School of Pharmacy MVP Program Targeting Black Hypertension Is New Model for Community Health Networking
A new model for health networking by the University of Maryland School of Pharmacy shows that twice as many participants with high blood pressure in an "intervention group" reached safe blood pressure levels than participants without the intervention.
The health networking model was born out of an experiment called the Maryland Cardiovascular Promotion (MVP) Program. It was funded by a $1 million grant from CareFirst BlueCross BlueShield targeting high blood pressure in African-American males in Baltimore.
Results of the study were released at a news conference Sept. 27, at the Forest Park Golf Course in Baltimore where the golf professional was a participant in the study.
The MVP Program was called "revolutionary" by Natalie D. Eddington, PhD, dean of the School of Pharmacy, because patients themselves through networking among friends and family recruited other patients and pharmacists acted as expert coaches, educating patients on the dangers of hypertension (high blood pressure) and how to talk with their physicians.
"I'm proud that the School of Pharmacy is reaching beyond its walls to the community around us in an effort to improve the health of our neighbors," said Eddington. "The MVP Program is a prime example of what pharmacists, as one of the most accessible members of the health care team, can do for their own communities. This is a program that we hope to see duplicated and expanded in the city of Baltimore and in the state of Maryland."
The MVP Program was pronounced a success by the chair of its advisory board, Elijah Saunders, MD, the head of the Section of Hypertension in the Division of Cardiology at the University of Maryland School of Medicine. "This was an experiment in which we could have predicted the results, but we needed proof," said Saunders. "Now it's up to the state and federal governments to apply this model and make it work. It should be applied so that we can save money and save lives." As soon as the MVP Program results are published in medical journals, word will spread to other institutions and communities, said Saunders.
The director of Minority Health and Health Disparities at the Maryland Department of Health and Mental Hygiene, Carlessia Hussein, RN, DrPH, said she learned a lot from the MVP Program experiment and plans to implement the model. "The MVP Program has some great data that shows that such a community program can really work," she said.
Nearly 600 patients enrolled in the MVP Program. Pharmacists and nurses provided initial blood pressure tests and health consulting. Half of the patients, the control group, were given periodic blood pressure testing only. The other half, or "intervention" patients, also had vital signs assessed, attended a class to learn how to maintain healthy lifestyles, and were counseled on management of the medications.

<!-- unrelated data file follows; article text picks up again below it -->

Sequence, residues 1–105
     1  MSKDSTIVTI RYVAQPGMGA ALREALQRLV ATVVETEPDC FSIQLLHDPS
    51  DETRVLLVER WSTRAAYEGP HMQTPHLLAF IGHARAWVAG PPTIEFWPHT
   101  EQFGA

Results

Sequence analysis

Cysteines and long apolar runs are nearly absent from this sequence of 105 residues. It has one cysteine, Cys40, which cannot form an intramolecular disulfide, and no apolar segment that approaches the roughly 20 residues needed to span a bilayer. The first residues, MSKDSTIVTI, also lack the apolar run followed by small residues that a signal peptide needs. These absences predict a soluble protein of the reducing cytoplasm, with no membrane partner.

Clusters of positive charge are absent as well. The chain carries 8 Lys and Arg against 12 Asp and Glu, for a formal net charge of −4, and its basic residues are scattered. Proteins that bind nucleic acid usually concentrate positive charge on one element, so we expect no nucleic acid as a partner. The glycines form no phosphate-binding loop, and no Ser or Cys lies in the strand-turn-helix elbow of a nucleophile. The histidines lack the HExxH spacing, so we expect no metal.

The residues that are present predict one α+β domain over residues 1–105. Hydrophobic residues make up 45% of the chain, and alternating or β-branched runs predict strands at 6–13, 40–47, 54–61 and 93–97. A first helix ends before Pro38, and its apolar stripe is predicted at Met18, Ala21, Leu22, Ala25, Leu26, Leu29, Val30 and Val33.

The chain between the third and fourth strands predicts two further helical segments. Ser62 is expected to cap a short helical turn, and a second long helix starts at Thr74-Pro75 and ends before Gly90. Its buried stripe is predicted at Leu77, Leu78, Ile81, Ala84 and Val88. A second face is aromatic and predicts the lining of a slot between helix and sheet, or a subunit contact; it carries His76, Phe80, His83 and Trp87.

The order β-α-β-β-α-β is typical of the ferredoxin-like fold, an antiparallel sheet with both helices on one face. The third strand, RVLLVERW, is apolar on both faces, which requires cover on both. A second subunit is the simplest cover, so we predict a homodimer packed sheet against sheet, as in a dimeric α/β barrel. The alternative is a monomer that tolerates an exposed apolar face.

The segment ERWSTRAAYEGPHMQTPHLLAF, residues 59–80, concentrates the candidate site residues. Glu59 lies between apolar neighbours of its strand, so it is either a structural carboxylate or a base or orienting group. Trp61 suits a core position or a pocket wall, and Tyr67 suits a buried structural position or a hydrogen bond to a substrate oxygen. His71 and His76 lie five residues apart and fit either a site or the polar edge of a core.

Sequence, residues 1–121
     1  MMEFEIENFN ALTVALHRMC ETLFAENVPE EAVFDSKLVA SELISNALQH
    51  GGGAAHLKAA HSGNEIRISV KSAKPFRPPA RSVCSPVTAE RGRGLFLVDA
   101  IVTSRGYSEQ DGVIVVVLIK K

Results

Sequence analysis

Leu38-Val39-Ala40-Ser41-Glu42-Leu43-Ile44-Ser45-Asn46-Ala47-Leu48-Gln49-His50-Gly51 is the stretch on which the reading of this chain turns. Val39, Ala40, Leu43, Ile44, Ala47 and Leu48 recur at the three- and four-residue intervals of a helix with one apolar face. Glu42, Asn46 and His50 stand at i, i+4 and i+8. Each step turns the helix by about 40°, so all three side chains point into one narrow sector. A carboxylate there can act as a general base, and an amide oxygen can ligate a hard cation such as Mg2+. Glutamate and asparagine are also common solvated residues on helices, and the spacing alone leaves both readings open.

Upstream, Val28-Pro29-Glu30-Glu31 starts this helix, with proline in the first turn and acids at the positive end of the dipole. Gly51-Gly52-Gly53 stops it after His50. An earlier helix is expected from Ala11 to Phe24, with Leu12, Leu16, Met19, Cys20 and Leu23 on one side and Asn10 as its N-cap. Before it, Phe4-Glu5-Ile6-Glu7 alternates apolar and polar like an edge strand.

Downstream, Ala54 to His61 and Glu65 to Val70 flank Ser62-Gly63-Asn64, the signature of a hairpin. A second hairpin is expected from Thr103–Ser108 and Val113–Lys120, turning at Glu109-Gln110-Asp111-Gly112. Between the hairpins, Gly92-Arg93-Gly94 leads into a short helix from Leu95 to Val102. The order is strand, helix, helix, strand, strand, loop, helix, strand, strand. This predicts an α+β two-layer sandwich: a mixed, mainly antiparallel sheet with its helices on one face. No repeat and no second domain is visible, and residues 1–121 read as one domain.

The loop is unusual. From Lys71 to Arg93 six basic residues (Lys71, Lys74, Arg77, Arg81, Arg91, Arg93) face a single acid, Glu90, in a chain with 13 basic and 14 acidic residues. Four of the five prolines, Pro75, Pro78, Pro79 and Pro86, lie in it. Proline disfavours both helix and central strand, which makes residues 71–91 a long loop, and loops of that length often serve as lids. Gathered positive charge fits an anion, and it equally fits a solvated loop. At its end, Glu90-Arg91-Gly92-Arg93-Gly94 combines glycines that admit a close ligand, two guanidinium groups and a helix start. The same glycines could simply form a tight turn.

"We also empowered them to ask the right questions of their doctors while learning about their individual medication management," said Fadia Shaya, PhD, MPH, MVP Program director and associate professor of pharmaceutical health services research in the School of Pharmacy.
Shaya said it isn't difficult to treat patients to reduce risk of cardiovascular disease, which often begins with treating hypertension. But too many African-American men don't get diagnosed until heart attacks or strokes put them in the emergency room or worse.
The stroke death rate among black Baltimoreans is 32 percent higher than for white Baltimoreans. Making just a 5-point drop in a patient's systolic blood pressure reduces risk of stroke by 30 percent and the risk of mortality by 13 percent.
"MVP demonstrated that when patients understand the information available to them, it sticks and translates into improved outcomes," said Shaya.
One MVP patient, Rafiq Rashid, 57, of Baltimore, was surprised to learn he had a systolic pressure higher than 150 when he was tested by the MVP Program clinical nurse Clyde Foster, RN, of the School of Pharmacy. Rashid's family has a history of high blood pressure and diabetes, he said.
Foster taught Rashid what to ask his physician who, in turn, prescribed proper medication. Rashid attended some MVP classes and his systolic rate is well below 120 now. "It went down a lot and at one point I thought it was kind of scary, but my doctor said, 'That's really good.' It worked for me so I've told people I know and associated with," said Rashid.
About one in three adults in the United States has high blood pressure, according to the National Heart, Lung, and Blood Institute. It is a serious condition that can lead to coronary heart disease, heart failure, stroke, kidney failure, and other health problems. High blood pressure itself usually has no symptoms and people often live with it for years without knowing it, while it can be damaging the heart, blood vessels, kidneys, and other parts of the body.